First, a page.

Tuesday, November 30, 2010
As I mentioned last month, the LEED system falls short of usefulness, and the best rating should be in dollars. The DOE system is in dollars, all right, but they are unfortunately using savings, not cost. Home size and "average energy cost of a home without upgrades" needs to GO AWAY. Give us a standardized yearly energy cost for this house, period. It's much simpler, and ultimately much more useful for everyone.
Wednesday, October 27, 2010
Monday, October 18, 2010
According to this article the location is the MOST important factor in low energy homebuilding: "Households in downtown Chicago produce one-quarter the greenhouse gases of households in nearby suburban Kane County"
What if, all of a sudden, say, like, in 2011, "production" homebuilders stopped concentrating on tearing up farmer's fields and building new infrastructure for new housing, and started concentrating on rebuilding run-down neighborhoods closer to the city center?
Just possibly the biggest single step toward halting global warming.
As mentioned before, the trend has begun on vacant lots in Philadelphia. Philly has a strong enough economy to support infill like this. But we're not seeing much of this anywhere else in US. In the rust belt, where vacant lots are available, cities like Detroit are on life support. Job growth is really the only driver of new construction.
Denver has a little bit of job growth, and homebuyers are learning more about these issues everyday. One day in the near future, a young pregnant couple will contact a neighborhood redevelopment company in a neighborhood like Villa Park and not even think of taking a drive out to the Wheatlands , even though the prices are tempting.
Then the announcement came that our water rates may increase sharply , so I figured it was time for a post about water and a long-term experiment of mine.
For fun and profit, I invest in Denver real estate, so water costs and landscape maintenance costs are very important to me. Therefore in 2005 when we acquired a house with a dead front yard, we decided to till out the weeds, place down weed barrier, and cover it with mulch. For the whole front yard, this cost $450 including mulch, and took one day with two laborers. In recent years, free mulch from recycled trees has become common.
This simple project saves about $140/year in water, and $200/year for mowing and maintenance. This particular yard doesn't look nice, but there are no weeds at all:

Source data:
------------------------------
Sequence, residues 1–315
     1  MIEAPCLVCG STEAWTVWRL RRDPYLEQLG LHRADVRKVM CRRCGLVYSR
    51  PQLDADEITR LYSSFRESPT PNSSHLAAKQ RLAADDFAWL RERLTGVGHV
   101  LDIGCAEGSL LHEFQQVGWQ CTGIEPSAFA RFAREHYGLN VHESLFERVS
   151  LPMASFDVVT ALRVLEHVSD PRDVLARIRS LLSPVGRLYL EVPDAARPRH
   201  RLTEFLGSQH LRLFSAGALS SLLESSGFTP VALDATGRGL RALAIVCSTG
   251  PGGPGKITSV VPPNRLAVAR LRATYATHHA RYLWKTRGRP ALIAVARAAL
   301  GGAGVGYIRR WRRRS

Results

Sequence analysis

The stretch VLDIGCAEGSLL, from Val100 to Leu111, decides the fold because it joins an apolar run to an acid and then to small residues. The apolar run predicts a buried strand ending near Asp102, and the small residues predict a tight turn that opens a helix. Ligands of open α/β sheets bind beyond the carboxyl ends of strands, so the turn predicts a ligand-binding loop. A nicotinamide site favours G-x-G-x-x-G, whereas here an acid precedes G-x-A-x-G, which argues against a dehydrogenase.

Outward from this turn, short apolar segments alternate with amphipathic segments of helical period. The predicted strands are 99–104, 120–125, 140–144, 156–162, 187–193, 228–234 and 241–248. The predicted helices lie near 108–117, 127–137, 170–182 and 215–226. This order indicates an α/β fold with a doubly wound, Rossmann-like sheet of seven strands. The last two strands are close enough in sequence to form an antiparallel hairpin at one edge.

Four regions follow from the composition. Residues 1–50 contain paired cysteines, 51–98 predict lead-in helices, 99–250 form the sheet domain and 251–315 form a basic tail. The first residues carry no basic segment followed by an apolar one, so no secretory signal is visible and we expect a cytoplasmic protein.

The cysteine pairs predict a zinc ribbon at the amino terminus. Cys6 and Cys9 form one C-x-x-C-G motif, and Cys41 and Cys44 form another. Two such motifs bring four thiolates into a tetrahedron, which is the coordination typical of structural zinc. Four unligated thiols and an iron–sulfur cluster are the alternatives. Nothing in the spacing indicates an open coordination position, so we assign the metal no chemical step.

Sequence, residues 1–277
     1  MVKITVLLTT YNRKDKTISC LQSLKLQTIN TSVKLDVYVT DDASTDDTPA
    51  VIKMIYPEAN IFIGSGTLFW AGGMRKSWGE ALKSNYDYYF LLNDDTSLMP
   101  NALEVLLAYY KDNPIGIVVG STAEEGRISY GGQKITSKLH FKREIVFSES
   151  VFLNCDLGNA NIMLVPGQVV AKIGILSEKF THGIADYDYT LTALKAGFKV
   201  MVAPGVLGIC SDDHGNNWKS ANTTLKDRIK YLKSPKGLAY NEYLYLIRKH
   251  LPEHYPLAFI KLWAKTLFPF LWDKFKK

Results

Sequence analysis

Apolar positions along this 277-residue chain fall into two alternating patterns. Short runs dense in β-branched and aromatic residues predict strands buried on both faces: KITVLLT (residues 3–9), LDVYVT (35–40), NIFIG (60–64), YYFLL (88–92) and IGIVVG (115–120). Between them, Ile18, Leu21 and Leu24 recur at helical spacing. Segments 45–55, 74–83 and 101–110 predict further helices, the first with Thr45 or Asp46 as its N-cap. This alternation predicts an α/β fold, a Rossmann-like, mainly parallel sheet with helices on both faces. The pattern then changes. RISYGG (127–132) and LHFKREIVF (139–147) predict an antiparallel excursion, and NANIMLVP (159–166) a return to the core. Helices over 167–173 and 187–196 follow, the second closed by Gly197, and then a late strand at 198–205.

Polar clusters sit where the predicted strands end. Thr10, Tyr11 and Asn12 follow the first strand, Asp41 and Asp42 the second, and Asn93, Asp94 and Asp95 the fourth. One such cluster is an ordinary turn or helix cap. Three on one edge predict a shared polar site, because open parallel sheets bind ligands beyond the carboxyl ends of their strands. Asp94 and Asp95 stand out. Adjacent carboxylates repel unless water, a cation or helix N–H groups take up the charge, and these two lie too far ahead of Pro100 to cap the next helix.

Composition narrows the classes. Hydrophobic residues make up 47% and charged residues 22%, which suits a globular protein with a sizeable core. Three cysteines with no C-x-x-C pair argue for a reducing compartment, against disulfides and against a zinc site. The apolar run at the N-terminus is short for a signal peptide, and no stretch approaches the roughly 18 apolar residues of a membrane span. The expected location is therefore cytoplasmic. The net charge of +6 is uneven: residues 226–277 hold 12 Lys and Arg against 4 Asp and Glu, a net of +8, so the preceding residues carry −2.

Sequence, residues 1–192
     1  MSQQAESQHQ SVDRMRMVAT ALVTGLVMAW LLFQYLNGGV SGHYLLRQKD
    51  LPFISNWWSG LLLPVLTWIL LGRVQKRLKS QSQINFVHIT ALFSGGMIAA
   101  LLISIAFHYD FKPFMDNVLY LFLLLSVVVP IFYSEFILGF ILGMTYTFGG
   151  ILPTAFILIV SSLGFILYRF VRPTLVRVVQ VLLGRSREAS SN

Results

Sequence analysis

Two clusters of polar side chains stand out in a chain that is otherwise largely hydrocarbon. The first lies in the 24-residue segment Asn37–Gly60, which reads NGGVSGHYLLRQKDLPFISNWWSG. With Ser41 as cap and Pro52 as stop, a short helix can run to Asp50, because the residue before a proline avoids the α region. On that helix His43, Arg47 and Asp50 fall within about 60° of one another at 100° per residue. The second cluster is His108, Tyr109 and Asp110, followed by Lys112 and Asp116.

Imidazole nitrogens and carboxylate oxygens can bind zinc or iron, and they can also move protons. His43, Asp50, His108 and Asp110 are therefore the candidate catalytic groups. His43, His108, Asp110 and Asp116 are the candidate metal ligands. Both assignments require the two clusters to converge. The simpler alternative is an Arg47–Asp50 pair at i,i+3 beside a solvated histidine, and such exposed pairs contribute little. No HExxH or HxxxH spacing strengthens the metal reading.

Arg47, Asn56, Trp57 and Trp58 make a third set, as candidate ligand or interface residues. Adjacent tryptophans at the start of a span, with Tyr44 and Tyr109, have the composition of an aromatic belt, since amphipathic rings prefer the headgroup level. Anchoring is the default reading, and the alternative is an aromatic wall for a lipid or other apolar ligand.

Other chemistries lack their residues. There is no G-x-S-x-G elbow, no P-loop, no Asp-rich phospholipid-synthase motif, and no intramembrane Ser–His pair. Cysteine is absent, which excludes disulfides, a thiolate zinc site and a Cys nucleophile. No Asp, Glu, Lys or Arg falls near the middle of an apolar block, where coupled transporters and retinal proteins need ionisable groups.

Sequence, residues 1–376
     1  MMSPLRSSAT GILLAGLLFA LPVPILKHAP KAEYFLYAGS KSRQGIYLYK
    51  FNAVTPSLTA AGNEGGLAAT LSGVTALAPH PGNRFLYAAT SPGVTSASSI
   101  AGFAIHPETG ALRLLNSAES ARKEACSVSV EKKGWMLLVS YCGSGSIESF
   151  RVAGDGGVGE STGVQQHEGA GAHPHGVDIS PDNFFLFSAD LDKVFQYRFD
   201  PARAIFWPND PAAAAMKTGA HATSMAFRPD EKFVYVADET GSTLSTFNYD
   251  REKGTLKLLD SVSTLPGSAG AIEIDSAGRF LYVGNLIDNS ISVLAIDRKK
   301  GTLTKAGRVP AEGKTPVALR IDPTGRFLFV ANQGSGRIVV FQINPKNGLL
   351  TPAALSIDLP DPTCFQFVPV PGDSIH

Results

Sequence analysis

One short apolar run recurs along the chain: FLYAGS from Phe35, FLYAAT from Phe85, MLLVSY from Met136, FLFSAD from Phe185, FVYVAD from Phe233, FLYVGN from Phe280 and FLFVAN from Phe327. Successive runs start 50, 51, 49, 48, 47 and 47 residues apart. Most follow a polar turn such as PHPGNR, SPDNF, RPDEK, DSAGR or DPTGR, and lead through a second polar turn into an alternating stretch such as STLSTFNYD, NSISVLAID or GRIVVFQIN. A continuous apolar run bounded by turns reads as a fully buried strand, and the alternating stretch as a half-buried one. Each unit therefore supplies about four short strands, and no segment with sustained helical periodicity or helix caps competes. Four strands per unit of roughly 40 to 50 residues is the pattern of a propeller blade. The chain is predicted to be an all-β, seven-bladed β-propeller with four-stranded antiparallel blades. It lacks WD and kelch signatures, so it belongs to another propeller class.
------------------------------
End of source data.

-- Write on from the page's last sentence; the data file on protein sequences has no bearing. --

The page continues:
A dirt yard doesn't look any good either, but you still have to mow the weeds that sprout it if you have a rainy spell, and you get a lot more mud tracked into the house:
We've also experimented with a few drought tolerant plants, and found cactus can be grown without a drip watering system. Pea gravel makes for a better play area and lasts longer, but it is more expensive than free mulch.
Tuesday, October 5, 2010
I've been watching from the sideline, stubbornly NOT going for LEED qualification. In building code terms, LEED is far too prescriptive and not performance oriented. Throw in "too complex for real customers" and too expensive, and what you have is nearly worthless.
Here's a solution I've been mulling:
1. Let the building departments adopt the 2009 energy code as they wish. Then STOP any code changes forever, except for safety items. The technology is still changing too fast to attempt to follow it with prescriptive code "improvements". Another reason for freezing the code is to prevent those pesky unintended consequences that aren't even discovered for 20 years. (see Solar Driven Moisture in Brick Veneer at BuildingScience.com)
2. Then let builders build as they see fit. Good ones will keep improving the sustainability of their product. (If you care enough to be reading this blog, you're probably one of the good ones)
3. Here's where we replace prescriptive with performance: You can't get any sort of LEEP (Leadership in Energy Efficiency Performance) rating PRIOR to building anything. To get a LEEP rating, the home must have a simple Web-based monitoring device installed for at least one year. The cost of this should only be $1000-$3000, it only needs a handful of measurements, some of which are already there, like kwh consumption, water consumption, gas consumption. Add two indoor temperature readings, hot water tank inlet and outlet, outdoor temperature north side of house and south side of house, major appliance electricity consumption, etc.
This data can then be used to "normalize" the performance results. The square footage of the house is completely left out of the normalization calculations.
4. The LEEP rating is in dollars, the only unit that makes sense to everyone. (Just like a yellow EPA EnergyGuide label for appliances). A true net zero energy house gets a LEEP rating of $0/yr. If you put on excess PV panels, and the utility pays you for your excess production, then your LEEP rating can be calculated to equal what the utility pays you for the year, and is negative, say -$200/yr. A 1000 sq. ft. home built to 2009 code minimum might get a rating of $800/yr. A 2000 sq. ft. home built to 2009 code minimum should perform a little better per sq. ft. than the 1000sq.ft. home, so it might get a rating of $1400/yr.
This performance rating will always guide the builder in the right direction.
5. The other non-energy efficiency related metrics can have their own rating, such as LEEPdurability, and LEEPwater. A near-zero maintenance house might have a LEEPdurability rating of $30 per year, while a house that needs painting and new light bulbs often would be rated at $300/yr. Again, the LEEPwater rating is in $/yr. Oh yeah, don't forget LEEPembodiedenergy. That could be in kwh.
The ratings are thus understandable, simple, standardized, and allow the builder his own solutions rather than any suggested by LEED.
Eventually these ratings will be meaningful to buyers, and that's when the builders learn they must generate good ratings. That's what I like, market forces in play instead of federal policy!
Since this is so similar to the appliance rating program, the LEED officials must have studied the method, but I can't figure out why they rejected it.
Monday, September 27, 2010
One recent post sums it up: High Performance Houses
They've nailed it, pure and simple. Contrast it to a subdivision that was nixed by Golden. Golden has no idea of what it really wants, but they had this feeling they didn't want this. Over time, they'll understand that they want 100k houses and neighborhoods.
Does anyone else besides me think Denver is ready for something similar to 100k? The biggest difference in the two markets is that Philly has thousands of low-cost vacant lots ripe for redevelopment. In Denver, a vacant lot in a good neighborhood doesn't exist, so scrapeoffs in lower tier neighborhoods may be necessary. Let's finish the infill process in Denver and scrape or renovate worn-out houses as required before we tear up irreplaceable open space in Golden.